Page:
Apu shared, "Every other idea we were looking at didn't need to be started today. If we didn't start DrinkedIn right now, DrinkedIn could be started later. If we had any hope of winning, it had to be started right now. The reason why is in tech, it is very rare that you get to start a company in a space that doesn't exist. Tech is a very competitive industry that most businesses that get started start by building a better mouse trap on something that already exists. That was not our case.
There was nothing in visual analytics and there was nothing in visual marketing that existed 3.5 years ago. We were the first, and that also motivated us."
Tweeting Their Way to Success
While it took 6 months for Curalate to build their first product, multiple brands were already lined up for the service. How? Twitter.
Apu shared, "What we were able to do without necessarily having accurate data, was use directional data. And Brendan had this amazing idea to go after brands through Twitter."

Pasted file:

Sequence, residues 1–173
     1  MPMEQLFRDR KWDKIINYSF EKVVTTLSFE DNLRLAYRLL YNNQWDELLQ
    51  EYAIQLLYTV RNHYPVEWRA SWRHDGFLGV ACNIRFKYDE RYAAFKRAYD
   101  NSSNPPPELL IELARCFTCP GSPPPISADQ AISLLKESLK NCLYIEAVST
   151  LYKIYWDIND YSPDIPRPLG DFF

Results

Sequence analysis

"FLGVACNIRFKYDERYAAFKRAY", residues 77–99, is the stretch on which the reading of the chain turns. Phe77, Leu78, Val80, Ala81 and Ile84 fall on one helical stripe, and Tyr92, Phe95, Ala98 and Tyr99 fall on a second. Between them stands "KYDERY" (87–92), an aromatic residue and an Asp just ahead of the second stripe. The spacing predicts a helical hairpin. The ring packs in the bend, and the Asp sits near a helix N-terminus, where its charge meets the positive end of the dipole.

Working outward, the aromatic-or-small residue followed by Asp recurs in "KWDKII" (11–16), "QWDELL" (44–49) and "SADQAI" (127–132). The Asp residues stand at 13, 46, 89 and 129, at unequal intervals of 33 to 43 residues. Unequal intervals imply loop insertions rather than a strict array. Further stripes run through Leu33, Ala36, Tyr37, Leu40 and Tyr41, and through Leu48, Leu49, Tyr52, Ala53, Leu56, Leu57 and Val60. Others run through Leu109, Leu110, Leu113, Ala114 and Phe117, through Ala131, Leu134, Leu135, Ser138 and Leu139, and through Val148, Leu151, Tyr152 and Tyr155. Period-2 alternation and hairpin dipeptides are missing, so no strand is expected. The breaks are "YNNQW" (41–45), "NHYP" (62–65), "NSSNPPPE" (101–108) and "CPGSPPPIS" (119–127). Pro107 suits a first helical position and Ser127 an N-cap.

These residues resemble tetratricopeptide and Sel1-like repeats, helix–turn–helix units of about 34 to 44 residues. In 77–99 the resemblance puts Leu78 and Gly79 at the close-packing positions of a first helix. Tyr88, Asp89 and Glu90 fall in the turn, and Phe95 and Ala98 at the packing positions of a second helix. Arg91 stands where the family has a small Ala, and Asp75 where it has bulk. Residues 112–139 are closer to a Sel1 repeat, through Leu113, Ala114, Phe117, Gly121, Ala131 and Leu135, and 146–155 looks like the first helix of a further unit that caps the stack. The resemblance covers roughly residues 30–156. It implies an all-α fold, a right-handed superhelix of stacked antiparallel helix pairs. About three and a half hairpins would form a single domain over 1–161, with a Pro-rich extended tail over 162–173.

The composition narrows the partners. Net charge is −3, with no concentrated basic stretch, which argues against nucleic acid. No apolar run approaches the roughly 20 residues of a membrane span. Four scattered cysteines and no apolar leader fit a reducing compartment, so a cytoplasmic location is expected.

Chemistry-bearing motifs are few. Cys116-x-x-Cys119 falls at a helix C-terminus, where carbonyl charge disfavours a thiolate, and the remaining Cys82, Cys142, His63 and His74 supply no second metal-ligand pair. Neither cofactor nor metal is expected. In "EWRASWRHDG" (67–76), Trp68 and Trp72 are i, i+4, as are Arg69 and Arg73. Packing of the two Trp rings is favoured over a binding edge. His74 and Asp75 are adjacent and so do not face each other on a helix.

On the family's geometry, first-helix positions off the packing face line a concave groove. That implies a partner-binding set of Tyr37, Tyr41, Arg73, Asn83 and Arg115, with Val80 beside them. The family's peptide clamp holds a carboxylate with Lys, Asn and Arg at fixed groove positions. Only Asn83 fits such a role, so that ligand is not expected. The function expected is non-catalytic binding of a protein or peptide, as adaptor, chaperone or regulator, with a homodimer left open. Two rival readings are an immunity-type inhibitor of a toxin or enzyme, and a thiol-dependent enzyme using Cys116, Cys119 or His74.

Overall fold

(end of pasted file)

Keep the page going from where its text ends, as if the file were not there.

Apu and Brendan would tweet to big brands saying, 'did you know that you are getting X amount of impressions on Pinterest in the last week?' Apu shared, "We couldn't be 100% sure that number was right but the reality was neither could they."
Because of this, 95% of the brands that they tweeted at ended up replying and asking if they could talk more about the service. Apu said, "We didn't know how to price it. But we knew that there was a market for it in a way that we never felt before. That's when we knew we had to go big with this."
While Curalate seemed to hit product-market fit early on, Apu would face growing pains as Curalate was growing so quickly that they needed more people to handle all their customers.